The difficulty with this reading of the analogy is that the section that follows, especially 420e-422a, emphasizes the generally harmful nature of wealth, which counts against its status as even a pro tanto good. One way of resolving this tension is to suppose that S. only admits the premise that private wealth and the freedom to use it are good to argue dialectically. For even granting this assumption, he thinks he will be able to show that we ought to aim at maximizing the good of the whole rather than the good of any one part. This stronger conclusion not only defends the austerity of the guards’ lifestyle as described before, it also establishes a broader political principle. For there are unquestionable goods that might well be denied the guards or another class in the city; indeed, compelling the rulers to partake in the affairs of the city instead of private contemplation is a perfect example (VII 518c-520a, which refers back to our passage). Reading the analogy this way would, I think, fit nicely with what I said above about S. and Ad.’s reference to the common rather than the authoritative view of happiness. It also encapsulates some of the difficulties of reading Plato – even in the midst of a highly rhetorical speech featuring a captivating image, Socrates may be arguing with borrowed premises that he does not ultimately accept.

    • djr
    • October 13th, 2010

    Your seminars sound more productive and illuminating than ours.

    Though I might change my mind if I took a close look at the text, you seem to me to overstate the problem that arises from the disparagement of wealth that follows the statue analogy. First, must the harmful potential of wealth jeopardize its status as a pro tanto good? Though it may not turn out to be necessary for the guards, wealth, as the quintessential instrumental good, seems likewise to be a great example of a pro tanto good. Absent some other consideration, it is good to have wealth because it enables us to obtain other goods. But other considerations are swift in minimizing the value of wealth. Enough other considerations taken together can make wealth seem negligible. So long as the argument does not lead to the conclusion that wealth is bad per se or utterly indifferent, then S. will not have retracted any of his prior claims. A version of your explanation still works, since the argument does in fact lead to a serious revaluation of wealth. But we need not say that S. accepts the premise solely for dialectical purposes. Perhaps it depends on how we understand ‘wealth’: if that must mean ‘lots of money,’ then my story won’t work, but if it just refers to ‘means sufficient to attain a sufficient amount of worthwhile things,’ then it does. By analogy, we don’t need to deny that the eye should be beautiful at all, but it may turn out that its appropriate beauty is much less striking than what we initially had in mind. I think your explanation works quite nicely and doesn’t really pose any serious problems, but I wonder whether we have to go quite that far.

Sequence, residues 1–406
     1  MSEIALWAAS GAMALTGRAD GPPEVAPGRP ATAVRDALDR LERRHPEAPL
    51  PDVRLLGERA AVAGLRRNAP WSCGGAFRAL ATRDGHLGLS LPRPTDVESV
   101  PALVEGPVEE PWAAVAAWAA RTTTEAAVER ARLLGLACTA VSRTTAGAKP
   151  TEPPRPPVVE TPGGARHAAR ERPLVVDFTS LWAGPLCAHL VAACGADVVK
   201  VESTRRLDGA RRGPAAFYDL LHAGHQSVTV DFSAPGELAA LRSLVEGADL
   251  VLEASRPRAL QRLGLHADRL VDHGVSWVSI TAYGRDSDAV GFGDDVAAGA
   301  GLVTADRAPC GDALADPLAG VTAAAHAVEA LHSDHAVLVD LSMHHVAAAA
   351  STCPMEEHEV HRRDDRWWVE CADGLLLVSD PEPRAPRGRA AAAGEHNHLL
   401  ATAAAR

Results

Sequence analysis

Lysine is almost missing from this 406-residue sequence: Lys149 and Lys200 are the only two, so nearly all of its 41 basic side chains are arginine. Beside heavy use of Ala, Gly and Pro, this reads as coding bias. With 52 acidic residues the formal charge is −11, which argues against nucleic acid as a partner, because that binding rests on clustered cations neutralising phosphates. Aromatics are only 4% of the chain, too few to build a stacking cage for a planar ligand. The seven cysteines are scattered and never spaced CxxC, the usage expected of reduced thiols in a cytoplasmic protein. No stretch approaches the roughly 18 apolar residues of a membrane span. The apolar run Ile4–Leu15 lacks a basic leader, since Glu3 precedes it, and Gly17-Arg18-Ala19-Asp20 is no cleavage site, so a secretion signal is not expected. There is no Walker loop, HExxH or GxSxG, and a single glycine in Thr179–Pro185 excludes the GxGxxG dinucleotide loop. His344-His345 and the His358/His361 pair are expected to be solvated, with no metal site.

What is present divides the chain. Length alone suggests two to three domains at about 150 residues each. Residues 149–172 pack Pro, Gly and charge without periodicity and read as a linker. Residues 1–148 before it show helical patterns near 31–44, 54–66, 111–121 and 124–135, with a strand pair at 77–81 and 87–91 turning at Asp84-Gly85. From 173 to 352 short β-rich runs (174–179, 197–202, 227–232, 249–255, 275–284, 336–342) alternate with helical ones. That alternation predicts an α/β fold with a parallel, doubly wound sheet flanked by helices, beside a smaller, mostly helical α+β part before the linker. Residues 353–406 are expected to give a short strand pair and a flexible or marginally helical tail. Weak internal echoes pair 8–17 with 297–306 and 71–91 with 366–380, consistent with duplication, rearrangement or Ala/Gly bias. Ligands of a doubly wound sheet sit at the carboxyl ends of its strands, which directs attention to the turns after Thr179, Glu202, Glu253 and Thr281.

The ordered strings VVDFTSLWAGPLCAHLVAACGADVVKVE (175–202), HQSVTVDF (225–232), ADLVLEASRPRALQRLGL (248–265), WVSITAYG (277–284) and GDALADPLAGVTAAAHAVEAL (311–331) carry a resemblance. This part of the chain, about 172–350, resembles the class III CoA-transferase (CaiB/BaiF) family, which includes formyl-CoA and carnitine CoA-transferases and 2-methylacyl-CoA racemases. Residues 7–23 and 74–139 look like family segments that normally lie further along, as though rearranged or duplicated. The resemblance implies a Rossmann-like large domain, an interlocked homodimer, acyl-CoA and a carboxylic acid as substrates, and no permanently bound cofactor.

Another, more pressing question is whether a reading on the lines you’ve sketched out does justice to the inter-personal context of the analogy. The immediate analogy seems not to be between the statue’s eye and the person’s wealth, but between the part of the statue and the part of the city. One way to read this is to see S. as telling us that the guards should be less happy than they could be because that is what is required for the happiness of the whole city. That sort of reading of this passage might lead us to understand the Book VII passage as holding that the guards genuinely do sacrifice their own happiness in giving up contemplation in order to govern the city. But your way of reading the analogy might, if taken together with the more immediately apparent application of it to the relationship between the guards and the city as a whole, provide some support for a different reading of Book VII: namely, that the guards don’t genuinely sacrifice their happiness because, in the circumstances described, to refuse to govern when needed would be to do to contemplation what our hypothetical detractor wanted us to do to the statue’s eye.


    • Dhananjay
    • October 13th, 2010